There’s also the fact that we’ve not quite made sense of the immense power we’ve unlocked with technology, or constructed a new story that incorporates how we’d like to interact and engage with it. If technology is good, then why do so many algorithms seem to leave us feeling depressed and isolated? Can a video call really replace the full-bodied magic of spending time with someone we love? What’s the difference between a childhood spent playing outside in the fresh air and amongst the trees, and another spent on an iPad levelling up FarmVille?
These may sound like simple questions with simple answers depending on your perspective, but the truth is no one fully knows the answers yet. What if computer games enhance cognitive ability? What if running on a treadmill is safer than going for a run in the city? The answers to these questions are multi-faceted and varied — they’re complex.
Another example of these competing stories can be found if you look at our food system. On one hand, permaculture and small-scale regenerative farming has the power to nourish soil, restore ecosystems, move us away from a dependence on fossil fuel derived agrochemicals and build up resilient farming communities. On the other, vertical farms and hydroponics have the potential to save hectares of land and cut down on transport costs and emissions by bringing fresh salad leaves into the heart of the city.
What about lab-grown meat? Its development could lead to millions of animal lives saved from the slaughterhouse and the awful treatment endured through their short lives. But what is the impact of eating meat grown in a Petri dish? Are there psychological or health impacts that are not yet known about? Why can’t we all just agree to stop eating meat altogether?
Then comes the human layer: who owns these new technology companies? If lab-grown meat takes off, and the industry is dominated by three huge monolith companies, then what does that do to the distribution of wealth amongst humans? And what happens to the thousands of livestock farmers who are put out of business?
As an activist and scientist, I spent a lot of my time moving amongst groups of people who seemed to have a very clear grasp on what they believed, but in a time of greater access to information and an explosion in the number of choices we have it becomes harder to cling onto a simple story. Perhaps it’s time to accept that an increasingly complex world we need to adapt to more nuanced stories and resist the urge to hone in on the one that is the most black-or-white. This is vital for two reasons: to prevent and reverse ecological destruction and climate change and to re-establish the role of community, empathy and cooperation amongst humanity. As with the Industrial Revolution we left behind, it’s clear that we’re done with a certain phase of our human existence. The time is ripe for a new story, one that allows us to integrate all parts of what it means to be human today. Fundamental to this new story should be the question of how do we create communities and individuals with a sense of meaning? Where do we find our belonging? What is our purpose? What makes a ‘whole’ human being — a sense of connection, meaning, purpose, self-worth, justice, community, belonging, and a sense of love for this planet, this one short life, and humanity at large?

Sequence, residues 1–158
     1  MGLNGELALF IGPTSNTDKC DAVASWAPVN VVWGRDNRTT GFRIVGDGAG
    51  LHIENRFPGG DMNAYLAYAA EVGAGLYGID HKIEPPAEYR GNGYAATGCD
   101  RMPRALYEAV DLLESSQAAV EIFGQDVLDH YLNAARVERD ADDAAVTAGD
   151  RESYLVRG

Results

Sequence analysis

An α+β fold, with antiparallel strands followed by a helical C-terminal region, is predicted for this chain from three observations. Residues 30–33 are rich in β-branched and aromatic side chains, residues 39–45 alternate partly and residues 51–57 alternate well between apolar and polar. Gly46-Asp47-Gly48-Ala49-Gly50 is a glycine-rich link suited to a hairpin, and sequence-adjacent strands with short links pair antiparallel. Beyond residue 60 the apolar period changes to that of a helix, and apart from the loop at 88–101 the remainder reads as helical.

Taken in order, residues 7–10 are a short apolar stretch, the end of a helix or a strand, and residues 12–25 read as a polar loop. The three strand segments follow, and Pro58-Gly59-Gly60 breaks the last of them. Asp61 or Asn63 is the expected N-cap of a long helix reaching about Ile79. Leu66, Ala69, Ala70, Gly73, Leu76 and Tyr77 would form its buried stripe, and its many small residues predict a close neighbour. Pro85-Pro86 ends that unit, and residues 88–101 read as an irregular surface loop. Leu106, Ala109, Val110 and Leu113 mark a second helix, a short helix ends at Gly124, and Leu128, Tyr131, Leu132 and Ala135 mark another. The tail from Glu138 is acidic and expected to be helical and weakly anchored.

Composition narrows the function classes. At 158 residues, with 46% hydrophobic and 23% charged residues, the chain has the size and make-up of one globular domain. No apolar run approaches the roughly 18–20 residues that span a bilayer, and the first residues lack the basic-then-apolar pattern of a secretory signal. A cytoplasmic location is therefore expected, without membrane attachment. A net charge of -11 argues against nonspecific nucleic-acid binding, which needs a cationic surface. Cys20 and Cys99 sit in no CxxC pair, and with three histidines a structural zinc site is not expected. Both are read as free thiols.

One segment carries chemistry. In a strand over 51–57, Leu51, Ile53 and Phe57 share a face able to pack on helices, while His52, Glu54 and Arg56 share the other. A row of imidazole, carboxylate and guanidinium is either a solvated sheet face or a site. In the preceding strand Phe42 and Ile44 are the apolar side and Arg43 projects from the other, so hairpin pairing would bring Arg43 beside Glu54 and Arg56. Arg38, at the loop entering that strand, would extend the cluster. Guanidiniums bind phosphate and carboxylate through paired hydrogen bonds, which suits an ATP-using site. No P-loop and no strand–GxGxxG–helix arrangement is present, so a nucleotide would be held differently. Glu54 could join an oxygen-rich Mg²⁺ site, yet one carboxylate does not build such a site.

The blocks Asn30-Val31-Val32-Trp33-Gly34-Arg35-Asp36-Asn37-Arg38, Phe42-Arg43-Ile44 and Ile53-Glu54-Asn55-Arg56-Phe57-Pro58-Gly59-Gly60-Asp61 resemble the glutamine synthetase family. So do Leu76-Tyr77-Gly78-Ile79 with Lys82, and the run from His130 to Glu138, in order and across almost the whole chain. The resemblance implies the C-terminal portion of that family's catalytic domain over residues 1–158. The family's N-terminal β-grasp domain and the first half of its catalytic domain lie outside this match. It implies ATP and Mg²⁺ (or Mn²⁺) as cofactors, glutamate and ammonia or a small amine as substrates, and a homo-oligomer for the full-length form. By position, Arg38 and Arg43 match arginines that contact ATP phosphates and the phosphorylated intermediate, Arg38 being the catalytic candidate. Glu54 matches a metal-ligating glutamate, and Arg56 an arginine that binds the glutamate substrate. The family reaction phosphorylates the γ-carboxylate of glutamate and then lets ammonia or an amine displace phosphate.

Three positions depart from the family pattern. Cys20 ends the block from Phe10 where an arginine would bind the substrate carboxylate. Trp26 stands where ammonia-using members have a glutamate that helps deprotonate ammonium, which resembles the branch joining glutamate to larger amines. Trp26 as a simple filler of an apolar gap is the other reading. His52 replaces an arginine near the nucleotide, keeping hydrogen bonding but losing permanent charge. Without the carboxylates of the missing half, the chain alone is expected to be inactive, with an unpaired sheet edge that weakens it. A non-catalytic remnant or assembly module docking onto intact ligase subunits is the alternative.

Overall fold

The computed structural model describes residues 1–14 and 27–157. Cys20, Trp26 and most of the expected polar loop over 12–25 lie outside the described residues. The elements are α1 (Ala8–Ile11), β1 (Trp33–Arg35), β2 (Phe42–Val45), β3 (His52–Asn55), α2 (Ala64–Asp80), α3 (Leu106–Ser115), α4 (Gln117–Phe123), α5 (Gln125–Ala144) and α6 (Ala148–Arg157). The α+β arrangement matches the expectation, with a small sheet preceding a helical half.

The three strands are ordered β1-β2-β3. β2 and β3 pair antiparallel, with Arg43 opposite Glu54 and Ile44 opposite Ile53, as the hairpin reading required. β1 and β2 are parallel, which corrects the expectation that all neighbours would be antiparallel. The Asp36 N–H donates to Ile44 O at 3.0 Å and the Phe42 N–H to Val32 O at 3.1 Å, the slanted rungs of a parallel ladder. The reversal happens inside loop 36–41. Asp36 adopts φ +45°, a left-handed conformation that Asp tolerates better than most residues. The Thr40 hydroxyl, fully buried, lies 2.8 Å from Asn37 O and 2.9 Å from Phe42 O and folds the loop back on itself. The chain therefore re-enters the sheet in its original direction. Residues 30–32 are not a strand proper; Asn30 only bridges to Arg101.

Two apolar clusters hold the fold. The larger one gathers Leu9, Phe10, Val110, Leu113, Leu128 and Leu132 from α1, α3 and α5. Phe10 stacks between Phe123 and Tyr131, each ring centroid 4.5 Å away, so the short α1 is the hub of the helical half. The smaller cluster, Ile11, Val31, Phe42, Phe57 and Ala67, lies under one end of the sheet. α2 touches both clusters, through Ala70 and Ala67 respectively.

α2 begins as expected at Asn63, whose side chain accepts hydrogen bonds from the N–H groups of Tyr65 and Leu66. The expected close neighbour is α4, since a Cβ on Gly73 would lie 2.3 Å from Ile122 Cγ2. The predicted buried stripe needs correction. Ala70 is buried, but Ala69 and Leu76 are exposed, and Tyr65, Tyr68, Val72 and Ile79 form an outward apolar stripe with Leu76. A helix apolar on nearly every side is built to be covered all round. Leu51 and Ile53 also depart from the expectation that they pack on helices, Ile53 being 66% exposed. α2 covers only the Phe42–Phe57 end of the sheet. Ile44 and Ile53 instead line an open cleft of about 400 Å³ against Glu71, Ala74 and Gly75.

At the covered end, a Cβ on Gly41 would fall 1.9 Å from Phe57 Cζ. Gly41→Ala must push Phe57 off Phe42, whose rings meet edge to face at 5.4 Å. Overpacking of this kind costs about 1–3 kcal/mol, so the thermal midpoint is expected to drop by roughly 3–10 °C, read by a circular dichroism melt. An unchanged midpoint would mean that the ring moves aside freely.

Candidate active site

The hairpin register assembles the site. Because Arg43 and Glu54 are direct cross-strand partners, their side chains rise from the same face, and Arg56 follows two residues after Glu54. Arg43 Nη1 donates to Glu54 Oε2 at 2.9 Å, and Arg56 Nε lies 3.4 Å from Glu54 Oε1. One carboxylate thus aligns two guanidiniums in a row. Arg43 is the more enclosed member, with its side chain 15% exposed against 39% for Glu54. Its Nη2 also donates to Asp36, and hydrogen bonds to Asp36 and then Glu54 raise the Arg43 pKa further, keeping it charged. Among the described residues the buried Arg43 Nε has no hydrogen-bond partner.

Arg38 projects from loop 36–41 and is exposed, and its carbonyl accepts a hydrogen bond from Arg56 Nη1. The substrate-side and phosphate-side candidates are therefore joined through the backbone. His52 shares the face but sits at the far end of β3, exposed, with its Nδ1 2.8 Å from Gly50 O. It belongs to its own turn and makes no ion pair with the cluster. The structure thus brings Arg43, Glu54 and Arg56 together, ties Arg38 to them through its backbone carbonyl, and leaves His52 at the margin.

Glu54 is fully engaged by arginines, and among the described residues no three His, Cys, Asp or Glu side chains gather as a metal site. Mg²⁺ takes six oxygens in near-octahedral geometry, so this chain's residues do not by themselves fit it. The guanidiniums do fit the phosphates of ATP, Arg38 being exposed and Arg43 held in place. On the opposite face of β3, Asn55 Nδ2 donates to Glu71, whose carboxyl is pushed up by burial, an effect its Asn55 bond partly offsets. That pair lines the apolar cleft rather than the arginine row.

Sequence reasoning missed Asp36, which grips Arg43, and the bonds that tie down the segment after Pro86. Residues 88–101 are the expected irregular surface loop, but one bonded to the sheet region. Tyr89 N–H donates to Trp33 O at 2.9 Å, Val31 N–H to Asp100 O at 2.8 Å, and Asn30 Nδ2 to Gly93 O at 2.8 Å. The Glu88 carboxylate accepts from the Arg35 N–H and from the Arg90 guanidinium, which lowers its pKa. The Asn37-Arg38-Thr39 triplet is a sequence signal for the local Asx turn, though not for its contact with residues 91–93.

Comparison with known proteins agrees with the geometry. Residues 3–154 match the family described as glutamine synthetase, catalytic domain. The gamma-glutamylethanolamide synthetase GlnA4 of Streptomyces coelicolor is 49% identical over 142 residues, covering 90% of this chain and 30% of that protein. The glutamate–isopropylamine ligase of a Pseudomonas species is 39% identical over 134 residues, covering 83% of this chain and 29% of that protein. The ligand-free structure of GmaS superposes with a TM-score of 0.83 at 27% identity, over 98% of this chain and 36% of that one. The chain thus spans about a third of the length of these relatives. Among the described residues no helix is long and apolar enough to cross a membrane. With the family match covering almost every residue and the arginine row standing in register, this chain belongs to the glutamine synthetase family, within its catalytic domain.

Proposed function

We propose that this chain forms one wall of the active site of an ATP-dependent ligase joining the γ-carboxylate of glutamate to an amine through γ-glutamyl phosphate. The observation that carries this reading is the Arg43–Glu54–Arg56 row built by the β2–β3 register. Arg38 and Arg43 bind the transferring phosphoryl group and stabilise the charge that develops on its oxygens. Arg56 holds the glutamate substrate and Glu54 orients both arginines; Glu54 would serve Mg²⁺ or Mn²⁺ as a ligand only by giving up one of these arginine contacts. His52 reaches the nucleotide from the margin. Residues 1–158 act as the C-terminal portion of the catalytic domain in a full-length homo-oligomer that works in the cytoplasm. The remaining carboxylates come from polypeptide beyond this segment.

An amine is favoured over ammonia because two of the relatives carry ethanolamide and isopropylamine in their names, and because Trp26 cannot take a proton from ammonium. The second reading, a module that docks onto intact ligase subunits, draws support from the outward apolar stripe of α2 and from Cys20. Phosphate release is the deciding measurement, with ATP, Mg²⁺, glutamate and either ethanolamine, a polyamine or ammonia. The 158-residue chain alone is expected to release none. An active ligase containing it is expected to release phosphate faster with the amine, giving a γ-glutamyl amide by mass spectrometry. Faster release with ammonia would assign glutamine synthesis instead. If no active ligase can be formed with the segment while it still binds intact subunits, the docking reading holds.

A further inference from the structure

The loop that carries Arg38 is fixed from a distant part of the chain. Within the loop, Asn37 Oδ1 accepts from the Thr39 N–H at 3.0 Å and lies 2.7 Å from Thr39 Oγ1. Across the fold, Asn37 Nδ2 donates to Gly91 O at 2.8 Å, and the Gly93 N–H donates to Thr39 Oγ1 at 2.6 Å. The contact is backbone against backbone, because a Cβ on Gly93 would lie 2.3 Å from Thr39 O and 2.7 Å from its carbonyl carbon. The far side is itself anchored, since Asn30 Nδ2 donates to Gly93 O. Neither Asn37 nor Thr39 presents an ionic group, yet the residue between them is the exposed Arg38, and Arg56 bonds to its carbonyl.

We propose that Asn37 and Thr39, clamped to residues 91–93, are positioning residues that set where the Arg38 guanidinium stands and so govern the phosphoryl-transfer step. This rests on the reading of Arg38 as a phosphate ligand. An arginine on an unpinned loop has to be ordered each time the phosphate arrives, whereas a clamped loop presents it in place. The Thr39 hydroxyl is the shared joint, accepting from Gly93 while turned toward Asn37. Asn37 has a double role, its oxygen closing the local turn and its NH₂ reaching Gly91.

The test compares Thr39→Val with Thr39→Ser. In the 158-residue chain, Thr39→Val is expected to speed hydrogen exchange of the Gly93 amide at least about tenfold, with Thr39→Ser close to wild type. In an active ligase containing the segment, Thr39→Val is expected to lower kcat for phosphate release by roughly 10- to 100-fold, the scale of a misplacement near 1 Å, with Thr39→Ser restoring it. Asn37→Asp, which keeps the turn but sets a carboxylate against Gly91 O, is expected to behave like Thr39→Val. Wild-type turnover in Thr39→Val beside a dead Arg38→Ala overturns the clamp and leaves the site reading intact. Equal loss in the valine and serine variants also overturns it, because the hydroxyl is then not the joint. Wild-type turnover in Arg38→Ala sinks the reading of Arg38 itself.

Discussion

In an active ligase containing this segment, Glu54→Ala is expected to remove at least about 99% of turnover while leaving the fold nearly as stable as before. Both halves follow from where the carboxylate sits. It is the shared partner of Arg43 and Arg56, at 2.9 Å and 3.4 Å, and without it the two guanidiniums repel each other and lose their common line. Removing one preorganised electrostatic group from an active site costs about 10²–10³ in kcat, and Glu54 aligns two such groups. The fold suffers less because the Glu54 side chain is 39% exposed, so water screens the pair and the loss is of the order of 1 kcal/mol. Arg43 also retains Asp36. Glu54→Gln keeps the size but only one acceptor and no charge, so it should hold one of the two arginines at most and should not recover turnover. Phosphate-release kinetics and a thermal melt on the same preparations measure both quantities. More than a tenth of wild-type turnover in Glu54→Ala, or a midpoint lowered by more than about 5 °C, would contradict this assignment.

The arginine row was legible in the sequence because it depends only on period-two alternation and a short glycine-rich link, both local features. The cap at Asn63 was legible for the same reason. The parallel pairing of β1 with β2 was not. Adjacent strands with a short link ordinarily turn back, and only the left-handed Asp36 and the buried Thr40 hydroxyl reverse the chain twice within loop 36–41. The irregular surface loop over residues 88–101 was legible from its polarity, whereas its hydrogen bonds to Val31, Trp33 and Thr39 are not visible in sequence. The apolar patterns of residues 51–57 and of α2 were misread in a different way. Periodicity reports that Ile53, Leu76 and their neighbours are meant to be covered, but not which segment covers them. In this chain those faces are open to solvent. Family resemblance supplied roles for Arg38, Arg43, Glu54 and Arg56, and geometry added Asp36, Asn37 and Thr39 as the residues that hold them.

Perhaps it’s time to accept that an increasingly complex world we need to adapt to more nuanced stories and resist the urge to hone in on the one that is the most black-or-white.
It’s also important to remember that our stories define us but they shouldn’t limit us. They only exists as much as we believe in them. The new story I (and many others) envision is one that is deeply human, with nature at the forefront, and technology by our side. It is up to us to work out how these three can interact and support each other in creating an integrated, diverse and holistic future.